Much to my great shame I have never been to Cecil Sharp House in all the time I have lived in London, despite professing my interest in hearing and studying the folk music of the United Kingdom. However on Saturday 1st December 2007 I made the trek to North London to meet my friend Chris Campbell, so that we could hear the singing and playing of Sharron Kraus. Chris introduced me to the music of the great Alasdair Roberts some years ago, and assured me that Kraus was cut from the same cloth – a late-late revivalist, young, and maintaining continuity of folk traditions (albeit by sourcing recordings, rather than by doing it orally), and also pegged by some as a practitioner of ‘dark folk’. The latter is a purely associative term, but I suppose it may be attached to anything from an interest in murder ballads to the secret and buried histories behind certain festivals and dances. Stumbling around the back streets parallel to Parkway, Chris and I arrived too late to get a free Hobby Horse CDR, but we did get a tasty mince pie with our hot coffee.
Kraus turned out to be a superb singer, and a gifted played of the hammered dulcimer which she cradled on her lap like the rudder to a magical ship. Plus she plays the guitar, and is in such sympathy with the folk songs she sings that they almost become part of her own life history. Which is as it should be; I think there’s a lot to be said for taking ownership of these songs (which are ours anyway), and incorporating them into your own voice and body so that they may resonate still in the 21st century. There’s no point in pretending (or wishing) that we’re all still pre-mechanised farmers in 18th century Dorset, although I know there are folk singers who want to preserve that voice at all costs.
For me, Kraus really took off in the latter part of her set where she sang, aptly enough, a number of old Christmas Carols, wassailing songs, and songs associated with the winter seasons. It was her recordings of the wassails, heard on Stuart Maconie’s radio show, that convinced Chris Campbell to make this trek; something about her rousing voice contrasted starkly against the striking drums and tambours really struck a chord with him. Kraus’s simple, direct and beautiful version of ‘The Holly and The Ivy’ (for which she duetted with Nancy Wallace) moistened this listener’s eye in about two seconds. Likewise her version of ‘Down in Yon Forest’, famously recorded by Shirley Collins accompanied by her sister’s portative organ. If she’d sung ‘Lullay My Liking’ too, they’d have had to cart me out as a blubbering wreck.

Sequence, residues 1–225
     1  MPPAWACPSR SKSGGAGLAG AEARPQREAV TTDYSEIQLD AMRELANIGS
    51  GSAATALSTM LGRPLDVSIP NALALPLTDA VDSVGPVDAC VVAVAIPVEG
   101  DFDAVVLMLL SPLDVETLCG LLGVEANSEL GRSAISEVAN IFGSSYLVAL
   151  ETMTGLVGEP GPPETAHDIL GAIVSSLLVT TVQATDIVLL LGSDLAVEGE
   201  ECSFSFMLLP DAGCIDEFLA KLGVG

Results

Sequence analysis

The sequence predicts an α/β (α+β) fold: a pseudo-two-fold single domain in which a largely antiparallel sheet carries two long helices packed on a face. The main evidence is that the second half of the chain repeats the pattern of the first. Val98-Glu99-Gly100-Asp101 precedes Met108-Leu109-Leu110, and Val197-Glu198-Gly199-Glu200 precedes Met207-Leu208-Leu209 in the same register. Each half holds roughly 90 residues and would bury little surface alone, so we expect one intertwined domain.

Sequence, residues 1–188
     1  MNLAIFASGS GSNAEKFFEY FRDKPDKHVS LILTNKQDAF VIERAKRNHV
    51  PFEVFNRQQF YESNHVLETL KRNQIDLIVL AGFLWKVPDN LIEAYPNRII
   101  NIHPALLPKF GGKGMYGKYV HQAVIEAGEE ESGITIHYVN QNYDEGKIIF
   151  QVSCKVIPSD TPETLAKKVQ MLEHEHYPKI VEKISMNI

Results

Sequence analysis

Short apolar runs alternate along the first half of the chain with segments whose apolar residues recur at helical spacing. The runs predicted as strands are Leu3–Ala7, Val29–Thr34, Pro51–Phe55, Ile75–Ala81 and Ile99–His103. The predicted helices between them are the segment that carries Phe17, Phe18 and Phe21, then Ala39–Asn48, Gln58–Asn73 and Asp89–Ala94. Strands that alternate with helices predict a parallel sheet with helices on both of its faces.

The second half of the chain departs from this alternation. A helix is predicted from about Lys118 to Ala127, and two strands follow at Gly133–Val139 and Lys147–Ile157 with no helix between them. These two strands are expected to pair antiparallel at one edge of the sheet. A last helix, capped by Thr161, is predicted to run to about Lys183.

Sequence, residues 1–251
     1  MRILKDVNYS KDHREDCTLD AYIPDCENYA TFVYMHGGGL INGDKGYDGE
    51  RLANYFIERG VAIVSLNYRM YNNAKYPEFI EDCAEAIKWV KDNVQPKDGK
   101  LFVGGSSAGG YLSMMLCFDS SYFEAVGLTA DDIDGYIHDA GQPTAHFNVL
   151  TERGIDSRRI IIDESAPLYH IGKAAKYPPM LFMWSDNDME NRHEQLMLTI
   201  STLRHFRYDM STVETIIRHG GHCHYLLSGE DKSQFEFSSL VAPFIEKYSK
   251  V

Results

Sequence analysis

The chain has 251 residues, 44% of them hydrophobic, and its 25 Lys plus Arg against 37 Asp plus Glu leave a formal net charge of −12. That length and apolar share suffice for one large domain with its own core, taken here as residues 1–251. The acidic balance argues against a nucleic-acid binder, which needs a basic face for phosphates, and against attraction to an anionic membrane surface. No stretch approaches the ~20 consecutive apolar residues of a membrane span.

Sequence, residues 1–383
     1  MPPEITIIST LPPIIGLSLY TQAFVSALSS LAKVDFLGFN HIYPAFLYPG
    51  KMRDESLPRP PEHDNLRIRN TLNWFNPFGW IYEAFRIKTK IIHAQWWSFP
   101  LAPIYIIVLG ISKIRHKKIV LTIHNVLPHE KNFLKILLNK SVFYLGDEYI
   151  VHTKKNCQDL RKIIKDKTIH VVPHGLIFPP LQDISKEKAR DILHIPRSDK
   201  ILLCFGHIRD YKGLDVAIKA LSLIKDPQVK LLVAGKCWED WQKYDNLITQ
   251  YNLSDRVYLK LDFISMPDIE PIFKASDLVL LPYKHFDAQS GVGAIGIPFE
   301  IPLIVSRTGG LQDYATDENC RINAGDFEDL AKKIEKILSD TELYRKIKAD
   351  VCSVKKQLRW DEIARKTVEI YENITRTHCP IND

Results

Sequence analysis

Also on the bill were The Owl Service, who disappointed despite some clearly talented players (like the quite-good violinist) in their ranks; they seemed to lack the clarity and focus that Kraus owns effortlessly. She has a clearness of intent that guides just about each song she sings, whereas The Owl Service don’t quite know how they’re going to approach their material. The overall confusion was compounded by their electric guitarist, whose Slayer t-shirt betrayed his other musical allegiances, and who used one too many pedal FX for my liking. I can also recommend Trefusis Hall as a venue, with its delightful informality on the day (food and drink allowed in the arena, and a friendly sedate audience), and picturesque antlers mounted on the walls (perhaps masks to be used in some ritual animal dance). If only we could have dimmed the strip-lighting somehow. With the general run-down appearance of the basement levels in Cecil Sharp House, it felt a little like being in a school assembly hall!